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  16.  21
    Social Justice and Solidarity.Eugenijus Gefenas - 2001 - In H. Ten Have & Bert Gordijn (eds.), Bioethics in a European Perspective. Kluwer Academic Publishers. pp. 199--218.
  17.  18
    XVIIth European Conference on Philosophy of Medicine and Health Care.Eugenijus Gefenas - 2003 - Medicine, Health Care and Philosophy 6 (2):216-220.
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  18.  11
    Erratum To: ‘Mirroring’ the Ethics of Biobanking: What Should We Learn From the Analysis of Consent Documents?Jurate Serepkaite, Zivile Valuckiene & Eugenijus Gefenas - 2014 - Science and Engineering Ethics 20 (4):1095-1095.
    Erratum to: Sci Eng Ethics DOI 10.1007/s11948-013-9481-0Unfortunately, the originally published article contains an incorrect title and author names.
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  19. The Map of Neuroethics.Vilius Dranseika, Eugenijus Gefenas & Saulius Noreika - 2009 - Problemos 76:66-73.
    Straipsnis skiriamas sparčiai besivystančios taikomosios etikos disciplinos – neuroetikos – problematikai. Jame aptariamas neuroetikos terminas ir siūloma neuroetikos problemas skirstyti į keturis probleminius blokus: smegenų vizualizavimo technologijų keliamas etines problemas, technologijų, leidžiančių manipuliuoti smegenų veikla ir savybėmis, keliamas etines problemas, neuromokslinio pasaulėvaizdžio įtaką mūsų svarstymams apie moralę ir bendresnius metafilosofinius svarstymus apie pačią neuroetikos discipliną. Straipsnio pabaigoje aptariamas neuroetikos santykis su bioetika.pagrindiniai žodžiai: neuroetika, bioetika, neuromokslai, smegenų vizualizavimas, žmogaus tobulinimas.
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  20.  2
    Implementation of the EU Clinical Trial Regulation Transforms the Ethics Committee Systems and Endangers Ethical Standards.Vilma Lukaseviciene, Joerg Hasford, Dirk Lanzerath & Eugenijus Gefenas - forthcoming - Journal of Medical Ethics:medethics-2020-106757.
    The upcoming Regulation No 536/2014 on clinical trials on medicinal products for human use, which will replace the current Clinical Trial Directive at the end of 2021, has triggered a significant reform of research ethics committee systems in Europe. Changes related to ethics review of clinical trials in the EU were considered to be essential to create a more favourable environment to conduct clinical trials in the EU. The concern is, however, that the role of the research ethics committees will (...)
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  21.  17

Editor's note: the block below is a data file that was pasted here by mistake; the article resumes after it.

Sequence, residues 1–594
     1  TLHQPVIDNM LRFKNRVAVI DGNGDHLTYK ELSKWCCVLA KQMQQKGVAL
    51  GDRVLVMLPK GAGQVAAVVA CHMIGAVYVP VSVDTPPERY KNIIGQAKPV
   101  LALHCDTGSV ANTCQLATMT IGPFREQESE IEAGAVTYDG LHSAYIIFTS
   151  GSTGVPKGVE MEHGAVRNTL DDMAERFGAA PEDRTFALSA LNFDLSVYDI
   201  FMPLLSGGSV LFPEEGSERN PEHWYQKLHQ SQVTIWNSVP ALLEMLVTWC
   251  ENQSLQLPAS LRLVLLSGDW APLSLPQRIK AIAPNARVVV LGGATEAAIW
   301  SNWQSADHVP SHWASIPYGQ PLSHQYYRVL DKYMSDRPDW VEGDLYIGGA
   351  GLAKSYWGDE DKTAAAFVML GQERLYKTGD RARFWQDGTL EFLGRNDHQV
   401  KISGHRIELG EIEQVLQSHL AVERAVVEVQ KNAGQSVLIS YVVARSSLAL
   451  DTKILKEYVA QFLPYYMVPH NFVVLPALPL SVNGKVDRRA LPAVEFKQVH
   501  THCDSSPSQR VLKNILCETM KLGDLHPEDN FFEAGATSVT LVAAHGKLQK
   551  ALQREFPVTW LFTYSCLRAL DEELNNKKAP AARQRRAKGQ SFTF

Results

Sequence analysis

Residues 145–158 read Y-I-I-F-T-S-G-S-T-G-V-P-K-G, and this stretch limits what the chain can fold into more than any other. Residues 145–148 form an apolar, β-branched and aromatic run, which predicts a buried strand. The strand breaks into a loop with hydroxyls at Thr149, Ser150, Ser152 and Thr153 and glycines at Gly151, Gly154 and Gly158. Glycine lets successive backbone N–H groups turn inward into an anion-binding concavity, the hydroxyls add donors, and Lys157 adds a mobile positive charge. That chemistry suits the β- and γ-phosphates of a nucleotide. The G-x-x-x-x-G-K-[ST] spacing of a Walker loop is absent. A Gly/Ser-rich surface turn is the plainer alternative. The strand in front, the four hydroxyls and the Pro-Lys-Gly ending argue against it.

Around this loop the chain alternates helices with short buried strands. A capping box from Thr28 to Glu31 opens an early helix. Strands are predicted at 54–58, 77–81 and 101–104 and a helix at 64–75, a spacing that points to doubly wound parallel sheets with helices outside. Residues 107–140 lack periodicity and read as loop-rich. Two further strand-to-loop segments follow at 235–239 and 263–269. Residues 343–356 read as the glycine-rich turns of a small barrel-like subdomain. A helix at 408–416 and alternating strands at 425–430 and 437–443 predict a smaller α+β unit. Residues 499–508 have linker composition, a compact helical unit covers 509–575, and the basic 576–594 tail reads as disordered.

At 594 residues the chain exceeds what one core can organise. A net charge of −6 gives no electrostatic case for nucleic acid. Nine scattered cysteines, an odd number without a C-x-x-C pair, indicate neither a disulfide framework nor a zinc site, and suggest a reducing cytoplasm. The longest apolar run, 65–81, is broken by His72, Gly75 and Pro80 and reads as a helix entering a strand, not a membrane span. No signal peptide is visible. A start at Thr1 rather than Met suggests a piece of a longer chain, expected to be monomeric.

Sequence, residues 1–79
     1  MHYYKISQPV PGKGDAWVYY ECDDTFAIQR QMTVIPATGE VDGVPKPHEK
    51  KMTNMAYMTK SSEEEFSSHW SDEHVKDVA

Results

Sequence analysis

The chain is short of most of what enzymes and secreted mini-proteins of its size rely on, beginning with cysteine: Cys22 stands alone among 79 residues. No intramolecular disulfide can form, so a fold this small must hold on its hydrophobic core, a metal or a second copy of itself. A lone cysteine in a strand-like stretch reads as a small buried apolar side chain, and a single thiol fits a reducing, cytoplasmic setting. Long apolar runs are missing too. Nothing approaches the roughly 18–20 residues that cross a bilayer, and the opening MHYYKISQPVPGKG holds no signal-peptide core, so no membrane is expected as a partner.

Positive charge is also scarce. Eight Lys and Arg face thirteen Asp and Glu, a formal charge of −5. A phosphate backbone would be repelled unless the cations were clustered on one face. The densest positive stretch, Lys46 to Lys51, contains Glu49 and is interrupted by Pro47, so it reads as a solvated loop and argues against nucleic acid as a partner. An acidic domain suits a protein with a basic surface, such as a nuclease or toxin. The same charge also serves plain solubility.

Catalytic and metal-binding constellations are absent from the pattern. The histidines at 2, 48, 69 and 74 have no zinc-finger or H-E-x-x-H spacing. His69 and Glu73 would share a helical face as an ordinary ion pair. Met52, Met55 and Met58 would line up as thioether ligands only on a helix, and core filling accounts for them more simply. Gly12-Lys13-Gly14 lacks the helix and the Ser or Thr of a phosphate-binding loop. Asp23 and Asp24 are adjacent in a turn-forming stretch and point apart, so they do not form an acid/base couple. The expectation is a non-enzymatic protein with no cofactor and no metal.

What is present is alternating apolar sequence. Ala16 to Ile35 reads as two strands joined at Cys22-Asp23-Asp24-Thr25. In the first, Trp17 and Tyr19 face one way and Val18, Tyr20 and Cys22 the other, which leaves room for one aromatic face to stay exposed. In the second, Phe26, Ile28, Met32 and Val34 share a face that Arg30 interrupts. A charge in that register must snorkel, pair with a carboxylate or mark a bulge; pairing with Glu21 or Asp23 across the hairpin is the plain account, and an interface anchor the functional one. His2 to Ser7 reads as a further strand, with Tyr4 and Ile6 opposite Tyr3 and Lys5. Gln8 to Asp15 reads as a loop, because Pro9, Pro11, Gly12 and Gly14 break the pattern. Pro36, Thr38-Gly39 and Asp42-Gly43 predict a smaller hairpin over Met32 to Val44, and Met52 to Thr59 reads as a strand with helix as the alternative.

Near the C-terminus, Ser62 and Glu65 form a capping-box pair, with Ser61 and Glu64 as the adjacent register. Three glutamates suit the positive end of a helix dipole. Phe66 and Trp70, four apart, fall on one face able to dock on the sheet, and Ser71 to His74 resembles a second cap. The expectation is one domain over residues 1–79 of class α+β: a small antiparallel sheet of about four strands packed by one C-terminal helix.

‚Mirroring‘ the Ethics of Biobanking: What Analysis of Consent Documents Can Tell Us?Serepkaite Jurate, Valuckiene Zivile & Gefenas Eugenijus - 2014 - Science and Engineering Ethics 20 (4):1-15.
    Biobanks have been recognized as a key research infrastructure and how to approach ethical questions has been a topic of discussion for at least a decade by now. This article explores the characteristics of donors’ participation in European biobanks as reflected in the consent documents of a selection of different biobanks from various European countries. The primary aim of this study is to understand how donors are informed about their participation in biobanking. Also the paper discusses what the most important (...)
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  22.  32
    Non-Equivalent Stringency of Ethical Review in the Baltic States: A Sign of a Systematic Problem in Europe?E. Gefenas, V. Dranseika, A. Cekanauskaite, K. Hug, S. Mezinska, E. Peicius, V. Silis, A. Soosaar & M. Strosberg - 2010 - Journal of Medical Ethics 36 (7):435-439.
    We analyse the system of ethical review of human research in the Baltic States by introducing the principle of equivalent stringency of ethical review, that is, research projects imposing equal risks and inconveniences on research participants should be subjected to equally stringent review procedures. We examine several examples of non-equivalence or asymmetry in the system of ethical review of human research: (1) the asymmetry between rather strict regulations of clinical drug trials and relatively weaker regulations of other types of clinical (...)
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  23.  11
    Non-Equivalent Stringency of Ethical Review in the Baltic States: A Sign of a Systematic Problem in Europe?E. Gefenas, V. Dranseika, A. Cekanauskaite, K. Hug & S. Mezinska - 2010 - Journal of Medical Ethics 36 (7):435-439.
    We analyse the system of ethical review of human research in the Baltic States by introducing the principle of equivalent stringency of ethical review, that is, research projects imposing equal risks and inconveniences on research participants should be subjected to equally stringent review procedures. We examine several examples of non-equivalence or asymmetry in the system of ethical review of human research: the asymmetry between rather strict regulations of clinical drug trials and relatively weaker regulations of other types of clinical biomedical (...)